Pirates always connected with UNC matchup
By RONNIE WOODWARD
The Daily Reflector
Wednesday, September 5, 2018
East Carolina’s football roster is stacked with in-state players, including walk-on defensive back Rowe Mellot from Chapel Hill and six players from Raleigh.
At the forefront of those is starting quarterback Reid Herring, who is set to start Saturday afternoon against North Carolina in Dowdy-Ficklen Stadium for his second-career start.
The magnitude of this ECU-UNC matchup is headlined by head coaches on each side who are on the hot seat to different degrees, but for the players there also is always plenty of motivation.
Some of them played with or against each other in high school. Some ECU players might have picked the Pirates over the Tar Heels, but many of them also didn’t get recruited by UNC for a chance to play in the Atlantic Coast Conference.
Pirate freshman receiver Blake Proehl has a brother, Austin, who was a standout receiver for the Tar Heels from 2014-17. Herring’s father, Scott, earned a letter for the Heels under coach Mack Brown in 1988.
“It means a lot to play a school like UNC, especially when you are at ECU,” said Herring, a sophomore who was a football and baseball star at Millbrook High in Raleigh. “It’s always a big game. We are looking forward to it.”
Herring attempted 65 passes in his first start — a 28-23 upset loss to North Carolina A&T — and he completed 37 of them for 309 yards and two touchdowns. He also threw two interceptions, the first of which was one of the costly plays for the Pirates, as a pass across the middle as Herring rolled to his right was snagged by A&T’s Mac McCain in end zone and McCain ran more than 100 yards the other direction for a touchdown and a 7-3 Aggie lead late in the first quarter.
UNC, which is still without with suspended quarterback Chazz Surratt as part of the team’s offseason shoe-selling scandal, has a junior QB in Nathan Elliot who like Herring is still trying to build up his experience and prowess. Elliot struggled as a passer in a 24-17 loss at California last week, finishing 15-of-35 for 137 yards, a TD and four interceptions, but he also was UNC’s leading rusher with 58 yards on 10 carries.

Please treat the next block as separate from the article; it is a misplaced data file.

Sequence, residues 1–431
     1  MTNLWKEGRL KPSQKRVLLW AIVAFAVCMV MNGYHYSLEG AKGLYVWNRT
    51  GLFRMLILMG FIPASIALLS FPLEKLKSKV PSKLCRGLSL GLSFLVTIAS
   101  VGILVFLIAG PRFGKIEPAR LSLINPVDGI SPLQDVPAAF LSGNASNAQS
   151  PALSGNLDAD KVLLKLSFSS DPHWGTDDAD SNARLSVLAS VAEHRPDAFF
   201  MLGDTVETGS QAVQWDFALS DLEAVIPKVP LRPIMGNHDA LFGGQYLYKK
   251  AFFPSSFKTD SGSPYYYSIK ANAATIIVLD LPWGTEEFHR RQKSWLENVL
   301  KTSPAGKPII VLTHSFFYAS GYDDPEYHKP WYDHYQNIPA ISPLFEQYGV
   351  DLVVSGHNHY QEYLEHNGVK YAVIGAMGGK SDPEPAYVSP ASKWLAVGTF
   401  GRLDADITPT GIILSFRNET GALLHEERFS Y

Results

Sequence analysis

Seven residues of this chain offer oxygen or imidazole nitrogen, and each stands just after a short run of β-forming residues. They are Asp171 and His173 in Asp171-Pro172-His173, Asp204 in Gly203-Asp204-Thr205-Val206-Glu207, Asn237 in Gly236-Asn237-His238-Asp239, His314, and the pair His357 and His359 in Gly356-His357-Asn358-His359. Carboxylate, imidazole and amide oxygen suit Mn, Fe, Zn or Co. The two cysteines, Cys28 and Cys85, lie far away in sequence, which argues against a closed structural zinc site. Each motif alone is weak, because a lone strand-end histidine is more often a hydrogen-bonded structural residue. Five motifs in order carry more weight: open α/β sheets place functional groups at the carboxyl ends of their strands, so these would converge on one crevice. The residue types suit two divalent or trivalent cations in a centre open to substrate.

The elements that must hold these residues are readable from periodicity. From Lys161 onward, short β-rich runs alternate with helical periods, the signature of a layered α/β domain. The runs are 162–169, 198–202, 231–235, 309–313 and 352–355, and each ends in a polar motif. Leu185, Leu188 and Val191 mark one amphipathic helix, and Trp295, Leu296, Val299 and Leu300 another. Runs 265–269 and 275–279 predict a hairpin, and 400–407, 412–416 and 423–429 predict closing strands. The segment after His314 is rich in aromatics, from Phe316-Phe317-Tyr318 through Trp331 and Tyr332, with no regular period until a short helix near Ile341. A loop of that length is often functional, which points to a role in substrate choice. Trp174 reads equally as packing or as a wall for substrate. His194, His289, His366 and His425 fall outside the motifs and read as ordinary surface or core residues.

Herring had four rushes for minus-4 yards against the Aggies, which has been a sticking point this week already in the Pirates wanting to diversify their run game and get better production.
ECU offensive coordinator Tony Petersen said he is expecting Herring to improve with the more starts he makes, and that will play a big role in Saturday’s rivalry matchup.
“I remember my first game in college and I remember all the first games from doing this for a long time,” Petersen said. “They have to experience it and once they get it in under their belt, they always improve dramatically from that first game. He missed some plays that I would bet my life he wouldn’t have missed. But you know what, it was a first-time quarterback in that stadium.”
The Pirates played N.C. A&T on Sunday and had Monday off. They returned to practice Tuesday morning, and head coach Scottie Montgomery said they are still pained from starting a season with a loss, but they are emotionally stable as they continue to prepare for taking on the favored Tar Heels.
“We had a big team meeting and the players came in and they knew the four or five critical plays in the (A&T) game,” Montgomery said. “They are not harping on it, but they understand and you can hear them out here that we have to make every single play and especially in critical situations.”
Contact Ronnie Woodward at firstname.lastname@example.org, 252-329-9592 and follow @RonnieW11 on Twitter.